Ru and Max have mastered their tools. They are a great inspiration to me to learn more tools myself so that I can do more with my creativity. My Lynda playlist just got a whole lot longer.

UPDATE:

Here’s a video that gives a behind the scenes look at how Ru and Max work:

Between Two Worlds, The Hybrid Animation of Tiny Inventions from lynda.com on Vimeo.

Multi-Disciplinary Soup

Disjointed Business Model

© 2014 Roger Overall

Note: There is too much me in this post. Just saying that upfront. You’re better off going straight here: Chris Brogan.

If you’re a creative, you can probably turn your hand to more than one thing. Seems to me, anyway. I’ve yet to meet a creative who couldn’t. You may have one thing you excel at, maybe even two. You probably wouldn’t embarrass yourself in a couple of other arenas either. That’s good thing. It’s also a tricky thing to manage. Continue reading

Hands on Food

Baker kneading dough

Baker kneading dough © 2012 Roger Overall

Making food requires skill. Watching a butcher make sausages or a baker knead dough is mesmerising – to me, at least. Their hands move faster than it seems possible for their brain to control. And when they are done, they have crafted something that I can’t. They’ve also produced something that I really want.

It’s a shame, then, that proper butchering and baking skills seem to be dying out. A high-end butcher friend of mine laments the demise of his craft. He is keeping the flame burning, but worries about the next generation. He once told me of a prediction made at a meat conference in the US: “Soon the only two cuts of meat available will be steak and mince.”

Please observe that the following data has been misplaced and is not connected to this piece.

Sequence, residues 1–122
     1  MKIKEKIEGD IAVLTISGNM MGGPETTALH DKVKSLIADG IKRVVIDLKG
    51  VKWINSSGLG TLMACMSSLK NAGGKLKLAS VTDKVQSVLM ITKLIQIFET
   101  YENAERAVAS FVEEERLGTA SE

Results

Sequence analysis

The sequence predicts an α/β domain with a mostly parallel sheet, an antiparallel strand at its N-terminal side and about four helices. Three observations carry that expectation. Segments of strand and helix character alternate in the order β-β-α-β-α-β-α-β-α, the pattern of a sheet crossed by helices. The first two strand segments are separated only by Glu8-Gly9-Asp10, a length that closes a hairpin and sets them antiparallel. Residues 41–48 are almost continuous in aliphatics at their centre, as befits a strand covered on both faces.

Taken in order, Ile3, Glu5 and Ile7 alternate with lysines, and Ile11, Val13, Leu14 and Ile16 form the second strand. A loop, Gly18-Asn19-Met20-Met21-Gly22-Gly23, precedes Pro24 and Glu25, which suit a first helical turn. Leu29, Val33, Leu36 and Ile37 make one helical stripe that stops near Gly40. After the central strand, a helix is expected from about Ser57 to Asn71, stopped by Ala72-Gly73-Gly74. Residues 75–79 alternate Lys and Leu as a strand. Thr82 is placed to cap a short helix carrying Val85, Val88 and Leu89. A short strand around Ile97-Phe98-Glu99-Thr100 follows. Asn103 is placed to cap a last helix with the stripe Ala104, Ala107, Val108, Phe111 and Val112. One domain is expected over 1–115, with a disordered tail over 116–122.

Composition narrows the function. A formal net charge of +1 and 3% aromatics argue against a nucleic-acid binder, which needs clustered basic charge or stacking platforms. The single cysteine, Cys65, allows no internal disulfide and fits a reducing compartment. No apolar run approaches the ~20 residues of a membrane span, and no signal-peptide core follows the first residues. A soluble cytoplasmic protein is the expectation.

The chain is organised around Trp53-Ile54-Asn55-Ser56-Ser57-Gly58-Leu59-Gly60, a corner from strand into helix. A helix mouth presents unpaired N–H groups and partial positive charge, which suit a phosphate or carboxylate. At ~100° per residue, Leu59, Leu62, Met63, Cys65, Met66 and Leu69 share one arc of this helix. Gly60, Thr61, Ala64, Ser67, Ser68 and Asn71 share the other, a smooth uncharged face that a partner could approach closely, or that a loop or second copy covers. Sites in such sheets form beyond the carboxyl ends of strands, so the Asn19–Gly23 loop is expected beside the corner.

Partly that’s because it’s what the consumer wants. And what the consumer wants, the consumer gets. They barely know any different, because the number of skilled butchers who can show them different is declining. So they stick to what is familiar. It’s a vicious circle.

Some say it’s too late for the tide to turn. Society has progressed too far down the track away from artisan food production, they counsel.

So we should enjoy watching skilled food producers at work while we still can.

Maybe in doing so we can contribute to the slowing, if perhaps not the halt, of society’s dash towards the embrace of ever more industrialised food production.

New Website Galleries

Pig at Crowe's Farm, Co. Tipperary, Ireland

Pig at Crowe’s Farm, Co. Tipperary, Ireland © 2012 Roger Overall

Pat Whelan and TJ Crowe are both meat men. Great people to talk to and learn from. Both trying to make a difference in the meat business.

Last year, Pat asked me to photograph the new James Whelan Butchers’ shop at the Avoca food hall in Monkstown, Co. Dublin. And TJ needed photographs for his new range of extensively farmed pork products.

Quite why, I cannot fathom, but it’s taken months for some of the work to find its way on to the portfolio website. I guess life moves so fast sometimes, we forget to pause and reflect on what we did.

The James Whelan Butcher’s shop work is here: The Butcher; the pictures produced for TJ are here: The Pig Farmers.

James Whelan Butchers Shop, Avoca, Monkstown, Co. Dublin

James Whelan Butcher’s shop in Monkstown – a shrine to meat © 2012 Roger Overall